Everything is AI – How many do you want?

Everything is AI – How many do you want?

The rise of artificial intelligence (AI) has led to a lot of hype, and it seems that everything is being labeled as “AI-powered” to promote products. However, the reality is that we are still far from achieving true AI, and many organizations are pushing AI for the sake of appearing up-to-date. As customers, we should question the use of AI and refrain from paying a premium for products with an AI label as most of them do not implement machine learning.

Before considering machine learning or AI, it’s important to understand the difference between the two. Machine learning is a type of AI that involves the ability of computers to learn without being explicitly programmed. Understanding this difference is crucial to appreciate the benefits of using AI and machine learning in the right context.

Building meaningful solutions that incorporate machine learning requires a significant investment of time and money. This steep learning curve often necessitates a transformation of an organization’s products and services, as well as its internal processes. This transformation is a fundamental aspect of digital transformation, which involves transforming the organization to apply technology effectively in everything it does. Therefore, there must be a strong business rationale for investing in machine learning or AI.

Examples of meaningful applications of AI and machine learning include digital learning, preventive maintenance, and IoT. For example, machine learning can provide customized training, help leaders understand how to help their staff’s professional development, and move from traditional to data-driven business and service models in industries. These examples demonstrate how AI and machine learning can provide significant business value, but they require more than just technology.

The technology itself is not the issue. It’s the specific expertise required to determine which technology to apply and how to apply it. Finding real experts in the field can be challenging but not impossible.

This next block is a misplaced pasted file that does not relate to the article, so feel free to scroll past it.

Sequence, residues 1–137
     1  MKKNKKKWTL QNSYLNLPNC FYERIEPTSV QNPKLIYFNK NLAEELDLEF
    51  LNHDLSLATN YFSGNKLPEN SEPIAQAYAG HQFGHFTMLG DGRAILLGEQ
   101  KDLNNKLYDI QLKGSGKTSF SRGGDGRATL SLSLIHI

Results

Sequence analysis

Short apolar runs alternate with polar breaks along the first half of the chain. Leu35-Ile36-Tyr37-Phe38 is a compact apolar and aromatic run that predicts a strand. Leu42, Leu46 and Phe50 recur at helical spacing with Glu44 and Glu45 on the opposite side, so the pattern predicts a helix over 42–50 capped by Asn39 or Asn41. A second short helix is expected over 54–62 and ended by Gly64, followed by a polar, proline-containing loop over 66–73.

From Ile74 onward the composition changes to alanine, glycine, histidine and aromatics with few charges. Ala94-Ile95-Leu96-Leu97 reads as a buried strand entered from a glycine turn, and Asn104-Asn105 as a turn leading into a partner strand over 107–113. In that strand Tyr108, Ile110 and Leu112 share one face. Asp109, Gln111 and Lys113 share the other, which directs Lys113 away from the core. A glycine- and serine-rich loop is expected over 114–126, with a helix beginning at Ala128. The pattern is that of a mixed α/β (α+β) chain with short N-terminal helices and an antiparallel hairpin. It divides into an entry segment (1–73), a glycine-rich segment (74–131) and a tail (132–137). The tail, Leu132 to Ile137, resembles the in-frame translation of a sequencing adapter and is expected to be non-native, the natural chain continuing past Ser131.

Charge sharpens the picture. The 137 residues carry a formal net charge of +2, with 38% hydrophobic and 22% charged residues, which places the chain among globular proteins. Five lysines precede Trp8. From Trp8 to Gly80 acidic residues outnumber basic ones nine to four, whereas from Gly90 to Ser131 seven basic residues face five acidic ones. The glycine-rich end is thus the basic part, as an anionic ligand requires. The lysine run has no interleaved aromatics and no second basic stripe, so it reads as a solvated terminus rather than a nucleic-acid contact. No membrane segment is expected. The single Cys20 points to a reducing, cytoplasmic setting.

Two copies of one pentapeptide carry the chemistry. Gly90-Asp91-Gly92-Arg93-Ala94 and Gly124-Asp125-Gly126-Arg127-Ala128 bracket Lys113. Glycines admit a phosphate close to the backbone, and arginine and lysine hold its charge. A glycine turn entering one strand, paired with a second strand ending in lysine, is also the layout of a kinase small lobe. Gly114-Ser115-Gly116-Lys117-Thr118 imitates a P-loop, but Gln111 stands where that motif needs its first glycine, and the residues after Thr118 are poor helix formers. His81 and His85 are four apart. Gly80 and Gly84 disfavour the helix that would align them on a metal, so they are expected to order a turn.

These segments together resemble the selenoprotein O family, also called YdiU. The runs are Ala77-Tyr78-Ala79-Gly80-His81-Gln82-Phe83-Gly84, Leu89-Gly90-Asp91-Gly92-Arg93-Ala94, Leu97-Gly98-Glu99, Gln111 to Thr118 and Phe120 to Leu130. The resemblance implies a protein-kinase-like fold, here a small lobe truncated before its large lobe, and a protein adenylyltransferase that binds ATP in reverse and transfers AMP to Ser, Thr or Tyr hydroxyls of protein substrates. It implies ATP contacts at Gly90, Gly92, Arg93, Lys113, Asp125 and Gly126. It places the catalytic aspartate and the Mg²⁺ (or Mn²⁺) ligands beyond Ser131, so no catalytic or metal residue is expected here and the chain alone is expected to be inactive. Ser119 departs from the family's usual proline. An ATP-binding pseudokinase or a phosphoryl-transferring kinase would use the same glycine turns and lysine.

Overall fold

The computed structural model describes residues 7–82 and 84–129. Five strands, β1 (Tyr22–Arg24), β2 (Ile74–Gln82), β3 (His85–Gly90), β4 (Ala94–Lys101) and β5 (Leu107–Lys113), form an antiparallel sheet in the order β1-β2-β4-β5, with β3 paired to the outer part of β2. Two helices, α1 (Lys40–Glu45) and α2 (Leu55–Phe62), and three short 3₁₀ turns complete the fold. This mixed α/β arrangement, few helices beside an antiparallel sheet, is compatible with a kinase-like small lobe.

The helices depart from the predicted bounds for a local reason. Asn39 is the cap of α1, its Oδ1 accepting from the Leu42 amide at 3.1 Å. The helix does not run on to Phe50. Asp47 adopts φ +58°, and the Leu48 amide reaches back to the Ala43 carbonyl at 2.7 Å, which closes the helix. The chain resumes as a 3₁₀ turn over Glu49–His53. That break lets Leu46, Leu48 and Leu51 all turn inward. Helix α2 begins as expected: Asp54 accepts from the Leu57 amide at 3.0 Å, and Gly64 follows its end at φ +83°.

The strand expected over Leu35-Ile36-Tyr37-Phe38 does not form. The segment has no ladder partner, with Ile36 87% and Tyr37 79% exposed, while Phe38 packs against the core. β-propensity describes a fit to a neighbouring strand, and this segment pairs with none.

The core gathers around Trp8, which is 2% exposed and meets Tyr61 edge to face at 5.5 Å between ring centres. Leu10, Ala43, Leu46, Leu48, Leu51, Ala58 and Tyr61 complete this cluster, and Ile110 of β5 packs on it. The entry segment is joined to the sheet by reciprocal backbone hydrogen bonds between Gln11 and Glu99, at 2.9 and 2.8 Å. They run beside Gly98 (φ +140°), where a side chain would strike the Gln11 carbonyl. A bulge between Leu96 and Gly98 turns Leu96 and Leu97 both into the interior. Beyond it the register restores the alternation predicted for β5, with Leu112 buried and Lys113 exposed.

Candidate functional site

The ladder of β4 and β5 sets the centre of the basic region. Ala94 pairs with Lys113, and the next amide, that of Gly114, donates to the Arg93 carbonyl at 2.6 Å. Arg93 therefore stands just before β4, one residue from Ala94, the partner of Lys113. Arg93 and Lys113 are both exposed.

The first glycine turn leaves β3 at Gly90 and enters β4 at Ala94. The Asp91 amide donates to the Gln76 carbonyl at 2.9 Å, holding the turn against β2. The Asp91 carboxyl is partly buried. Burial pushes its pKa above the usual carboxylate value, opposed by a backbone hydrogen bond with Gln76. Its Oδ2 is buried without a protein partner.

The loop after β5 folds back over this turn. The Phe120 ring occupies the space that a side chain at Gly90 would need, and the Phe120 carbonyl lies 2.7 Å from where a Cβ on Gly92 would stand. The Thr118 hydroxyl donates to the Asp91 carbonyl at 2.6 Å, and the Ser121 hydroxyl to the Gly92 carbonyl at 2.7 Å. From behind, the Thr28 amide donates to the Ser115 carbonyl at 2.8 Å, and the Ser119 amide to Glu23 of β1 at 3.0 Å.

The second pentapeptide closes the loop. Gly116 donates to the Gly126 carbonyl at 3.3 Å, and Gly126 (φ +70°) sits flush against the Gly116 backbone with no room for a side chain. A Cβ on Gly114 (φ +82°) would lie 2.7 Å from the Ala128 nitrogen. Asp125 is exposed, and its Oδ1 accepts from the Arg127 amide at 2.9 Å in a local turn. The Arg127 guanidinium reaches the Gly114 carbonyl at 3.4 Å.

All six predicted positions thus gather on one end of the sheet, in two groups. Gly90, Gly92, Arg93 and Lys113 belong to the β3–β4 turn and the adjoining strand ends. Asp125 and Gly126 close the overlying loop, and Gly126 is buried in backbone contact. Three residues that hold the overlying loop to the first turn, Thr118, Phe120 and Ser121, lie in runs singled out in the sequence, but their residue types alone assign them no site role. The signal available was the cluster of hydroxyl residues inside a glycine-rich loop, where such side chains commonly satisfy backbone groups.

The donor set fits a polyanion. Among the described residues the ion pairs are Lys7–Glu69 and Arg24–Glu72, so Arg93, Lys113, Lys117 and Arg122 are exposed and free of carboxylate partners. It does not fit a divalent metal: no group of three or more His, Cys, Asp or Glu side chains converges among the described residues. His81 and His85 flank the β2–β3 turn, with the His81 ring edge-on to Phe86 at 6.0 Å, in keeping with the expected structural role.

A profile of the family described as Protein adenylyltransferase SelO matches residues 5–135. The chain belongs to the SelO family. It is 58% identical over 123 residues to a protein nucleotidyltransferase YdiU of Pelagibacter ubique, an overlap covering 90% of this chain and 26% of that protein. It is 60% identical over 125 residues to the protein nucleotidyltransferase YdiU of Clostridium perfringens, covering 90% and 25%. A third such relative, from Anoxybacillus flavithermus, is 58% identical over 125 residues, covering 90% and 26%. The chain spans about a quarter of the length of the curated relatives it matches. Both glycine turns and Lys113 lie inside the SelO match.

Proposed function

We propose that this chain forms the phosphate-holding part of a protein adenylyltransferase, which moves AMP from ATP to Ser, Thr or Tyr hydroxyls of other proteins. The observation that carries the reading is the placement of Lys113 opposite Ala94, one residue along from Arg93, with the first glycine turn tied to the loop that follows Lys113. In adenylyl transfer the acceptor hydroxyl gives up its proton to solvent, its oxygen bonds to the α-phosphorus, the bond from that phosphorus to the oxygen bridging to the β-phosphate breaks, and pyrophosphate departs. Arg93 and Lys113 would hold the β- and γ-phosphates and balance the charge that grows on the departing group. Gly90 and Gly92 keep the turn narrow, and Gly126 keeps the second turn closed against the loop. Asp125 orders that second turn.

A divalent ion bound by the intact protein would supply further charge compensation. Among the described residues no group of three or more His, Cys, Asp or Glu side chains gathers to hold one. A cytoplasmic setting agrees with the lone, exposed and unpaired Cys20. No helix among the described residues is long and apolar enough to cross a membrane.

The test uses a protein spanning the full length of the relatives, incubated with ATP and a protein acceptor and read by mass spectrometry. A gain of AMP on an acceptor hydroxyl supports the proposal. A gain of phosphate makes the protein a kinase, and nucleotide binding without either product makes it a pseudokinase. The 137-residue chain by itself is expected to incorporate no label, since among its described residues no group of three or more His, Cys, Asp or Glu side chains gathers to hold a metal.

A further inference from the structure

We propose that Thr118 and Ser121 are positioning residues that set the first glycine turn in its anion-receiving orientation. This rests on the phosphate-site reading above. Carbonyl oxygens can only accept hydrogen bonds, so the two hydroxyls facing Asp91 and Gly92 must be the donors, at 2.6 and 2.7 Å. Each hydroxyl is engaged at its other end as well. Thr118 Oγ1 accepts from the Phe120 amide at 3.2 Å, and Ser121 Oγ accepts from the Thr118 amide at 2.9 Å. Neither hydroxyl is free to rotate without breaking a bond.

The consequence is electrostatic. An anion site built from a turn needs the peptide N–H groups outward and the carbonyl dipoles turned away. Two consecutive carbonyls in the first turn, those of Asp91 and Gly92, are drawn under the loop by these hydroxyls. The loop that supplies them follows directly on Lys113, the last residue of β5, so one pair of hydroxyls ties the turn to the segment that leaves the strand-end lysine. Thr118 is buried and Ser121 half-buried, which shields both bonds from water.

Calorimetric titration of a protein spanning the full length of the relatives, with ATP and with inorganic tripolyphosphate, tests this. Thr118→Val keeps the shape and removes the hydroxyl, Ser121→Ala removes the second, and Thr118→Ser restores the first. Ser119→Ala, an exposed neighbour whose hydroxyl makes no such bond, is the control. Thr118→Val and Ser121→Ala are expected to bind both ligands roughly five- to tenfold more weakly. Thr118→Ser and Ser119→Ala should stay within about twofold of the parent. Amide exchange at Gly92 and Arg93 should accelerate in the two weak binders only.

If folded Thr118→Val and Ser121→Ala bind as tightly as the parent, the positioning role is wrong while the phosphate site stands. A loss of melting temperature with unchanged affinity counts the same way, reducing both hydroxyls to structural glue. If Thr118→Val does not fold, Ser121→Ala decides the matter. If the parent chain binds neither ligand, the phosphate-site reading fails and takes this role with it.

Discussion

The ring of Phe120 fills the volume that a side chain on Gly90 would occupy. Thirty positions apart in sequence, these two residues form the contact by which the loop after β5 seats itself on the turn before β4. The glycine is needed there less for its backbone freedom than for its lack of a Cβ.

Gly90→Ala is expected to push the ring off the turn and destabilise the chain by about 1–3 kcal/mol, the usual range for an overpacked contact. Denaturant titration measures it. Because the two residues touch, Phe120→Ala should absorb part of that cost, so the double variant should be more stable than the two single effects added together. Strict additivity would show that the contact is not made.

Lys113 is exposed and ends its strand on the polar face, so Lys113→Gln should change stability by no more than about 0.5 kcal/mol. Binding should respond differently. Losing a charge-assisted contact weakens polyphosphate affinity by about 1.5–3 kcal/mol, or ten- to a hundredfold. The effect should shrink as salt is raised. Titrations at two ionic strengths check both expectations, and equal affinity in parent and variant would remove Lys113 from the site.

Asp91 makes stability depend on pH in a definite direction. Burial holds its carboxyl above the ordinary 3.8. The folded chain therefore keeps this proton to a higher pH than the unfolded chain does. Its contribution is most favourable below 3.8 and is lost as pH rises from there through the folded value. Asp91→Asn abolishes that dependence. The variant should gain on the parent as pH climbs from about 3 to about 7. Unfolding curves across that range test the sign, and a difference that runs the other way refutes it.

The most challenging aspect of machine learning is the data. It dictates what is possible and not possible in many cases, and poor solutions that are taken to market too early can have an adverse effect on a company’s reputation and customer confidence. Therefore, understanding the importance of data and how it affects machine learning is crucial.

Finally, starting small and experimenting with AI and machine learning can lead to valuable feedback from customers. There is no shame in starting small and testing the market to determine what customers want. This approach can lead to a positive effect on a company’s reputation even if the experiment fails.

In conclusion, the use of AI and machine learning in business is not about how many AI’s a company has. Instead, it’s about how these technologies can improve and extend the company’s offering and make it more meaningful. To achieve this, businesses must have a strong business case and customer need and understand the new technologies. So, it’s not about whether you want a green or red AI; it’s about what AI can do for your business.